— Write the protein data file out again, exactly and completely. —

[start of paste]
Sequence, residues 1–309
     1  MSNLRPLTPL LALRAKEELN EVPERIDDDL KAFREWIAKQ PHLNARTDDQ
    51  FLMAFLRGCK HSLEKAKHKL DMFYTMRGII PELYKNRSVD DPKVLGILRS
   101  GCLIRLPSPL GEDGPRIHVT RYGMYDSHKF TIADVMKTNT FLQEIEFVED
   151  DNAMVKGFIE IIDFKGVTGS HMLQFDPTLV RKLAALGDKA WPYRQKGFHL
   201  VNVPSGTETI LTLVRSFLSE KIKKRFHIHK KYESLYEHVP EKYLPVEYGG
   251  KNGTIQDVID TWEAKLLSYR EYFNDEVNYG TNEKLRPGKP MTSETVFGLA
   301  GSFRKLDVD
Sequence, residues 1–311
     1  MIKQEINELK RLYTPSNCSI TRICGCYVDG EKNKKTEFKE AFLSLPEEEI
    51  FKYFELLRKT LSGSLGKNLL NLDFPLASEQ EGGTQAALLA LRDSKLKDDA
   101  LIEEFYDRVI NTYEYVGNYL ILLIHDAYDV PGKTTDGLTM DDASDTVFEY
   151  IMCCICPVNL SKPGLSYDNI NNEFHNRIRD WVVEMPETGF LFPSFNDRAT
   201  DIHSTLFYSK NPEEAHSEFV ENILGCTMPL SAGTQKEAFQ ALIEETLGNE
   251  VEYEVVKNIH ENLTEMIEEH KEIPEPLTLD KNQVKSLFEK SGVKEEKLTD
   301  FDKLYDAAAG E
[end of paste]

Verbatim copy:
Sequence, residues 1–309
     1  MSNLRPLTPL LALRAKEELN EVPERIDDDL KAFREWIAKQ PHLNARTDDQ
    51  FLMAFLRGCK HSLEKAKHKL DMFYTMRGII PELYKNRSVD DPKVLGILRS
   101  GCLIRLPSPL GEDGPRIHVT RYGMYDSHKF TIADVMKTNT FLQEIEFVED
   151  DNAMVKGFIE IIDFKGVTGS HMLQFDPTLV RKLAALGDKA WPYRQKGFHL
   201  VNVPSGTETI LTLVRSFLSE KIKKRFHIHK KYESLYEHVP EKYLPVEYGG
   251  KNGTIQDVID TWEAKLLSYR EYFNDEVNYG TNEKLRPGKP MTSETVFGLA
   301  GSFRKLDVD
Sequence, residues 1–311
     1  MIKQEINELK RLYTPSNCSI TRICGCYVDG EKNKKTEFKE AFLSLPEEEI
    51  FKYFELLRKT LSGSLGKNLL NLDFPLASEQ EGGTQAALLA LRDSKLKDDA
   101  LIEEFYDRVI NTYEYVGNYL ILLIHDAYDV PGKTTDGLTM DDASDTVFEY
   151  IMCCICPVNL SKPGLSYDNI NNEFHNRIRD WVVEMPETGF LFPSFNDRAT
   201  DIHSTLFYSK NPEEAHSEFV ENILGCTMPL SAGTQKEAFQ ALIEETLGNE
   251  VEYEVVKNIH ENLTEMIEEH KEIPEPLTLD KNQVKSLFEK SGVKEEKLTD
   301  FDKLYDAAAG E